Client Letter – Q4 2008

Happy New Year!  Yes, you are still alive and breathing!  The year 2008 was the second worst ever for the U.S. stock market. Only in 1931 did the Standard & Poor’s 500 Index fall by more than 37 percent, turning in a worse showing than 2008. Our overall returns for the full year ranged from -10% to -42%, depending on the level of risk in your portfolio.  The average return (for a 50% equity / 50% bond portfolio) in 2008 was approximately -20%.  So, the market did go up a bit in December.  As you can see from the chart below, the worst performing asset classes in 2008 were the international and emerging markets stocks, but these same asset classes had the best 10-year returns.  The best performing asset classes in 2008 were short-term bonds.

The following chart shows the 1-year, 5-year, and 10-year performance of many DFA funds (representing different asset classes) compared to the S&P 500 Index:

Market Returns for the period ending December 31, 2008

 DFA Fund / Index 1 Year Return 5 Year Return* 10 Year Return*
S&P 500 Index-37.00-2.19-1.38
DFA U.S. Large Value-40.80-2.052.15
DFA U.S. Small Cap-36.01-1.994.84
DFA U.S. Small Cap Value-36.79-1.517.32
DFA Real Estate (REITs)-37.360.597.55
DFA Int’l Large-41.442.081.25
DFA Int’l Large Value-46.333.344.75
DFA International Small-43.873.417.03
DFA Int’l Small Value-41.685.079.52
DFA Emerging Markets-49.208.539.49
DFA 2-Year Global Bonds4.083.284.06
DFA 5-Year Global Bonds4.023.544.71

*Note: Returns for periods greater than 1 year are annualized.  Top 3 returns are in bold.

The loss of trillions of investors’ wealth has many running scared as the New Year begins. Adding to the fear is a year-old recession that appears to be deepening with increased unemployment and uncertainty about the timing of a turnaround. Now, however, investors face a new year: what are the possibilities for our portfolios?

Many investors may say they expect the market to continue to decline. In fact, that happened after 1931: in the next year, stocks fell an additional 8.2 percent. However, that is not the norm. Many of the best years in the stock market have come after miserable years. Two of the best came after the worst years. In 1933, the best year ever, stocks rose by 54 percent. Two years later, they gained another 48 percent. It is also notable that the second best year came at the height of a recession when stocks rose by nearly 53 percent in 1954. The same happened in the recession year of 1958, when stocks went up by 43 percent.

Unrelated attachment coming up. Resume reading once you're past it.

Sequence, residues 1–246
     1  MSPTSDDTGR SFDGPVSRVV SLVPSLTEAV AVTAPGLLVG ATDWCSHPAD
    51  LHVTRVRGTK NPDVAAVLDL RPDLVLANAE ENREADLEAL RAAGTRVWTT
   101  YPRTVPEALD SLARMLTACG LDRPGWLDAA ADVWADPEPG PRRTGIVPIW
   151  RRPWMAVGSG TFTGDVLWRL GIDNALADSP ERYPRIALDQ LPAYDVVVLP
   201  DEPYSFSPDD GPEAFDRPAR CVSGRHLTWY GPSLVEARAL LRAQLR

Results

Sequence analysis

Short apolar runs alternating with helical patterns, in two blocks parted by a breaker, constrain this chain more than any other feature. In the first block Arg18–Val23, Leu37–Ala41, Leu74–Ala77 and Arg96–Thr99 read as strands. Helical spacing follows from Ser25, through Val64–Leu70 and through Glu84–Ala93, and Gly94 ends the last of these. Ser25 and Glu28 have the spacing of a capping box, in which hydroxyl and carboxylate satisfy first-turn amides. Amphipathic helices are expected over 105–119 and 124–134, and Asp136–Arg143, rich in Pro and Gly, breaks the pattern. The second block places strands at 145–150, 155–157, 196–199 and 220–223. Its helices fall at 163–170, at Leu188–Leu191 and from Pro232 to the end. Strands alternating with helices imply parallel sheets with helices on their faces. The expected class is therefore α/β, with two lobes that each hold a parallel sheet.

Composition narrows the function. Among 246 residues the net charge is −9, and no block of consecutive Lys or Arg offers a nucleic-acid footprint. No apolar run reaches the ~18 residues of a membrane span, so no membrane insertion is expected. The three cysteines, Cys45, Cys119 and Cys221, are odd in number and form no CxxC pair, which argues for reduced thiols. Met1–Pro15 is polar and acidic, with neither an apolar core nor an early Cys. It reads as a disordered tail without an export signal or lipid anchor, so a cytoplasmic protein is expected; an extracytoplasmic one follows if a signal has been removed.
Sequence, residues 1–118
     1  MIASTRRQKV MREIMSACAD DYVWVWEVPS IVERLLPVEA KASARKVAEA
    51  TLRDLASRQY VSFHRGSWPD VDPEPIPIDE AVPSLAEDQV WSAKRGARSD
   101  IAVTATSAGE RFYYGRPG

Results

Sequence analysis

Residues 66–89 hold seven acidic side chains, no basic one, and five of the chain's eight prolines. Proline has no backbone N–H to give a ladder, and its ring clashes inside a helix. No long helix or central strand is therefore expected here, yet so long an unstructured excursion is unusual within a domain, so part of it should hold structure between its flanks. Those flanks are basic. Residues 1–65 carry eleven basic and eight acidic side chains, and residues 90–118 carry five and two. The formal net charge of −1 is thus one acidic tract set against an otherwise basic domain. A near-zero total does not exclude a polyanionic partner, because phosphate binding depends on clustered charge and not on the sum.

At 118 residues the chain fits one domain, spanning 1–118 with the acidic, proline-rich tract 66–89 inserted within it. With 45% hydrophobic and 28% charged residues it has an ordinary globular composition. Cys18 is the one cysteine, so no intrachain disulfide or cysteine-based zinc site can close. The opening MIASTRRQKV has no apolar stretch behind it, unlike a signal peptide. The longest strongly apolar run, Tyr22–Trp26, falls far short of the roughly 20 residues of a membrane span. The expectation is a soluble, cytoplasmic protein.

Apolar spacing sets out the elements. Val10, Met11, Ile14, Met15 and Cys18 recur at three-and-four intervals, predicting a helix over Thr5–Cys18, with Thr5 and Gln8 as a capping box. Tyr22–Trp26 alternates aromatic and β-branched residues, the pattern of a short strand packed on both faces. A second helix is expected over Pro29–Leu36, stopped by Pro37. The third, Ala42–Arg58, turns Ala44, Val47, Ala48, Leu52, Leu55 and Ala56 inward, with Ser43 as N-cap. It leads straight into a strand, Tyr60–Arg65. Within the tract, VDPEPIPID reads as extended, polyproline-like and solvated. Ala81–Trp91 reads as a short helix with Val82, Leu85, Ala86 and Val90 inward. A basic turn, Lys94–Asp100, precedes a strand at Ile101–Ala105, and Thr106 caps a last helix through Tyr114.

Roger Ibbotson, professor of finance at Yale, notes that the odds are always good for a positive year in stocks.  The market has gone up during 59 of the 83 years since 1926, or 71 percent of the time. Moving the time horizon out over five and ten years increases the odds of positive returns (for example, see the 10-year returns in the chart above). Although there is no way of knowing when the market will begin to rise again, Ibbotson urges investors not to wait to invest until things are clear. “Unless you have more knowledge than the market, the long run starts now,” he wrote in Wealth Manager magazine in December.

It is also instructive to look at the last severe recession and bear market to hit the United States. Back in 1973-1974, the market fell by 43 percent over 21 months. This was also the last time that the U.S. economy posted three consecutive quarters of negative growth in Gross Domestic Product, a measure of the growth or decline in all goods and services. The first decline in GDP occurred in the third quarter of 1974, well after the stock market had experienced most of its decline. The economy went on to contract for another two calendar quarters. However, an investment made in the S&P 500 Index during that first quarter of economic decline in 1974 would have returned almost 31 percent over the next year, notes U.S. Trust, a subsidiary of Bank of America. “The point is that markets bottomed well before the economy,” U.S. Trust says. “It goes without saying 2008 is quite different from 1974, but the concept of markets looking forward will apply at some point during this bear market.”

Many experts also note that the federal government has taken, and promises to take, significant action to shore up the economy and financial markets. During the last quarter of 2008 significant easing in interest rates, increase in money supply, and financial backing for financial institutions took place. The incoming Administration has pledged to spend significant sums to spur the economy.  Let’s hope that these measures have a positive impact in 2009.

I have included several important tax-related documents in this quarterly mailing. First, for clients with taxable losses or gains, I have provided a Realized Gains and Losses report, which shows the net proceeds and cost basis for taxable securities that were sold during 2009. Second, for clients who do not deduct our fees from an IRA account, I have provided a report that shows the investment fees you paid during 2009. Make sure that you give these reports to your accountant or tax preparer. I will also send a copy of these tax reports to your accountant, if you have authorized me to do so.

Chris signature

About Christopher Jones

Christopher Jones is the Founder and President of Sparrow Wealth Management, a fee-only financial planning and investment management firm. Before entering the investment field, Chris was a management consultant for Deloitte Monitor. He graduated summa cum laude from Brigham Young University with a B.S. in Economics and a minor in Business Management.